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26 October 2013 @ 05:16 pm
Coruña  


Coruña harbour.

In mid September I ended up spending several days in Coruña, in northern Spain, at a conference (as usual). The trips there and back were slightly nightmarish, taking roughly 12 hours each way which seemed a bit unreasonable for somewhere in spitting distance of Dover (give or take). Both journeys featured travel excitements. Heathrow, unaccountably, couldn't cope with rain and refused to let my outgoing flight even take off so I missed the Heathrow connection. However British Airways bunged me on the next flight to Madrid and, miraculously, I arrived in time for the final connection. On the way back fog at Coruña involved the whole flight being packed on a couple of coaches and driven to Santiago de Compostella airport.


I have recorded the fog at Coruña for posterity since I was very struck by the way I could see nothing if I looked out the front of the coach, but there was blazing sunshine if I looked out the back of the coach.


Unsurpsingly, the excursion the conference laid on was also a trip to Santiago de Compostella, via a quick drive around Coruña's own tourist attractions.


This is the Tower of Hercules a 2nd Century lighthouse and the oldest Roman Lighthouse still in use today. That said, if I understand matters correctly, the exterior is 18th century.

Our guide was a talkative man called Jesus (though even he eventually ran out of things to say about the Spanish motorway system as we drove to Santiago). The arthurians among my flist will be interested to discover that he had written a book and had a theory that the Holy Grail could be found in Galicia. I briefly contemplated attempting to discover his surname before concluding that I didn't really need a book with a mad theory about the holy grail in it. Jesus also had a theory that Hypatia and St. Catherine were one and the same, which didn't exactly convince me either.



The front of the cathedral at Santiago de Compostella. It was rather ambiguous whether you were allowed to take photos inside, so I didn't take very many and none of the box which allegedly contained the apostle's bones.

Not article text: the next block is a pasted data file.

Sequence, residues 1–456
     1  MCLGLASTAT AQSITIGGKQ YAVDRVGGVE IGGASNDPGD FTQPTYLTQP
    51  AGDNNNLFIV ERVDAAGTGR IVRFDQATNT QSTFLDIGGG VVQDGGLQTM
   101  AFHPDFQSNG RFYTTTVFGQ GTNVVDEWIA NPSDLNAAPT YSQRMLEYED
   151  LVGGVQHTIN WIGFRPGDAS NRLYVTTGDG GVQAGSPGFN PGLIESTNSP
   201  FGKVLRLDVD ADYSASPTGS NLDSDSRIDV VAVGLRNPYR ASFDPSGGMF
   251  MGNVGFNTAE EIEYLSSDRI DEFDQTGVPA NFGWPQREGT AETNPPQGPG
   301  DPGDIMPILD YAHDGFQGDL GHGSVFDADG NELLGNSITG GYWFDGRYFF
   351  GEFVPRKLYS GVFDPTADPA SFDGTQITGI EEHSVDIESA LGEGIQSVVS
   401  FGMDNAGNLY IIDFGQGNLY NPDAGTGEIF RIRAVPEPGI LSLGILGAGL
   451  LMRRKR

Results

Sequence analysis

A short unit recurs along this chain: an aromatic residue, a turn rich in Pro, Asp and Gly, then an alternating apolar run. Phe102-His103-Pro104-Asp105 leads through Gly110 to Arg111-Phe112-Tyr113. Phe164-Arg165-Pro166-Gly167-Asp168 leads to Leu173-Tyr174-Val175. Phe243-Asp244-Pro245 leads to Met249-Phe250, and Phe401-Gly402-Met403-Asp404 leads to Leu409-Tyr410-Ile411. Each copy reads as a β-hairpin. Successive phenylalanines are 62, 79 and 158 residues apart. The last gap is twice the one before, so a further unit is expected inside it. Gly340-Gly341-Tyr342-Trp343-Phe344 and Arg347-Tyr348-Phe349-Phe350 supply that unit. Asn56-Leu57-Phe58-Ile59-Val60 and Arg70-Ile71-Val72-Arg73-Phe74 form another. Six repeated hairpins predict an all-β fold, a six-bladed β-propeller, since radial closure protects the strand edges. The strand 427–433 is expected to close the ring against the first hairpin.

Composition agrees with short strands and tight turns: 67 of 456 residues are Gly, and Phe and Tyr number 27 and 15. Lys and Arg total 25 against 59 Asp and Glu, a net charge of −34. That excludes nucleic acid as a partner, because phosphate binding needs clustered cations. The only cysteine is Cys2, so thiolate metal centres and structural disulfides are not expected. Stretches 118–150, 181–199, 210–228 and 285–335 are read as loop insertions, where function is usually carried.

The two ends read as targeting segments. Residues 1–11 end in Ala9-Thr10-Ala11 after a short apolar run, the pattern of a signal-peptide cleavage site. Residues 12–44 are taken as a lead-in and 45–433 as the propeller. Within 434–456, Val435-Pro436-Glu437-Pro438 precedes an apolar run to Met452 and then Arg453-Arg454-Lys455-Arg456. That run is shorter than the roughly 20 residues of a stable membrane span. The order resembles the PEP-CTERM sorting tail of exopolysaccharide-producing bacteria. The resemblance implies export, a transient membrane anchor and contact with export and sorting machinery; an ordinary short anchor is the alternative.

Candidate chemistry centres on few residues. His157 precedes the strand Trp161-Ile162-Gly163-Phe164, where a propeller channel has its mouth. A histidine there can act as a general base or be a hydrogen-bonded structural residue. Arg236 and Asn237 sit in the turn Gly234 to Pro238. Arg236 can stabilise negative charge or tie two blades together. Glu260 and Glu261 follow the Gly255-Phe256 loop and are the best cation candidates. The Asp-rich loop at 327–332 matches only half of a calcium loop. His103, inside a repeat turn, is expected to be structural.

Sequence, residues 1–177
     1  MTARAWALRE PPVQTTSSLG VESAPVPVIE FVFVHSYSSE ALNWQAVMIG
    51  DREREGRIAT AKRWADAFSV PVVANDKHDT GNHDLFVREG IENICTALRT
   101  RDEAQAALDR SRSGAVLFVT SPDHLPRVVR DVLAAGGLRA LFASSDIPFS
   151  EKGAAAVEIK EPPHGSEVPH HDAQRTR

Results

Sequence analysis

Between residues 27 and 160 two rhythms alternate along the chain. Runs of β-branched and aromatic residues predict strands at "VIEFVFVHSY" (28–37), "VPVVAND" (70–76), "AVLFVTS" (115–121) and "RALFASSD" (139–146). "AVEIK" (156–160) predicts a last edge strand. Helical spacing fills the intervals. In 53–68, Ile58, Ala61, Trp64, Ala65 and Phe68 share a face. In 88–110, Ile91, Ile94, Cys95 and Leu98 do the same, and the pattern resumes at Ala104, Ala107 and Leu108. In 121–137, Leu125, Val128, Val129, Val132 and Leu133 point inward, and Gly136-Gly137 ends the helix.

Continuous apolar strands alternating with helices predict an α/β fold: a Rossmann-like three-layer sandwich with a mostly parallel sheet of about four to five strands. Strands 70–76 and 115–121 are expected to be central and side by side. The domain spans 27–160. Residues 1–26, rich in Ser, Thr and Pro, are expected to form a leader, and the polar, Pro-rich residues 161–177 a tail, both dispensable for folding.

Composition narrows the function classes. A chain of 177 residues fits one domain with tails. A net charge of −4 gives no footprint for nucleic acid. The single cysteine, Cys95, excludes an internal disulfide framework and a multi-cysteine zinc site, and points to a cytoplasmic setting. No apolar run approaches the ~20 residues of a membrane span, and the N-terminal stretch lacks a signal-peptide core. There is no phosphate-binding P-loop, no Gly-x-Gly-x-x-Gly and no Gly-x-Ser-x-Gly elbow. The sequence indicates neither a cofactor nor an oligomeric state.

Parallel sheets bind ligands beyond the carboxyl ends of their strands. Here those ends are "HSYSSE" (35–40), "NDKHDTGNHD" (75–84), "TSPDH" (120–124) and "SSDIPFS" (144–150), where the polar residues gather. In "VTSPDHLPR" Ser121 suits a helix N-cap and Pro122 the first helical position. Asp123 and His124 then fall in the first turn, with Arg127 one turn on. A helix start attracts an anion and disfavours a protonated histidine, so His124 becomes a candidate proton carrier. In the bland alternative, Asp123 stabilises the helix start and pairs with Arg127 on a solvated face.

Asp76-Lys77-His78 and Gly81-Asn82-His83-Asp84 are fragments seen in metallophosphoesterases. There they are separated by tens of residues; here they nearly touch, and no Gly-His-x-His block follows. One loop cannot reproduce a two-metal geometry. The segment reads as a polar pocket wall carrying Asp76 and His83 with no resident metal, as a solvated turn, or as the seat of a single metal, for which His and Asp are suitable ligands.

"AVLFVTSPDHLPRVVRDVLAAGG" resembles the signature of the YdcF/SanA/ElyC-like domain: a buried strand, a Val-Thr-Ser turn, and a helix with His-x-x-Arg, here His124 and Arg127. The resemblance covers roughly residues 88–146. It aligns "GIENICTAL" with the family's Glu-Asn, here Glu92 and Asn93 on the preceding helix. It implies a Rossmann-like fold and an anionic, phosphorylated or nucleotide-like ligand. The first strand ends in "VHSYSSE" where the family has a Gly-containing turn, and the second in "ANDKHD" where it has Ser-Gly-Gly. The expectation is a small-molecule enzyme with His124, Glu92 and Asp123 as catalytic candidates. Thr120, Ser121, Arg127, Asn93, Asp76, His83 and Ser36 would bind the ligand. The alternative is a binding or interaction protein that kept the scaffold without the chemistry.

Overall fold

I photographed this detail of some carving since I thought to myself "that skull looks rather jolly". I realise, with alarm, this is a phrase of my mother-in-law's.




Statuary of St. James. You can tell it's St. James because of his very fetching hat which he wears in nearly all the many statues in Santiago and which, I'm sure, is exactly what he wore in real life.




A Galician bagpiper. Galicia, like Scotland, is very keen to stress it's celtic roots.


We also had a conference meal in the local "House of Man" (the world's first interactive museum of the human being - though sadly we didn't get to see any exhibits). The meal concluded when we were invited outside to drink a flaming alcoholic beverage, while someone declaimed a traditional poem in Galician. I gathered it was a kind of cross between Christmas Pudding and Burns' Night - except that the Ode to the Haggis doesn't not contain the immortal line "farts of the infernal arses" (we were supplied with a translation).


Burning alcoholic beverage.




This entry was originally posted at http://purplecat.dreamwidth.org/106523.html.
 
 
 
bunnbunn on October 26th, 2013 08:04 pm (UTC)
I love that first photo of the sun on the waves and the town rising out of the mist.

"farts of the infernal arses" !!! what an excellent line!
louisedennislouisedennis on October 27th, 2013 09:22 am (UTC)
I'm pleased with that one. I forgot my camera, so was relying on my phone for pictures and, in general, it wasn't really up to it. But the sea mist at the harbour mouth is lovely.
fififolle: Warren Cup - Intellectualfififolle on October 26th, 2013 08:13 pm (UTC)
Hee! Awesome. And it does look a jolly skull. Jesus sounds very interesting!! Fascinating fog, there. Thanks for sharing :)
louisedennislouisedennis on October 27th, 2013 09:22 am (UTC)
Thanks!
Kargicqkargicq on October 26th, 2013 09:14 pm (UTC)
Looks great! Nothing about Sir John Moore? (Coruna was the Dunkirk of the early Napoleonic wars, with a valiant rearguard action to evacuate the BEF.)

Hypatia - clever pagan woman, killed by Christians. St Catharine - clever Christian woman, killed by pagans. Obviously the same.
louisedennislouisedennis on October 27th, 2013 09:24 am (UTC)
Jesus mentioned "the famous English General Sir John Moore" on several occasions and Woolfe's poem which "all English children learn". I didn't disabuse him, I'm afraid.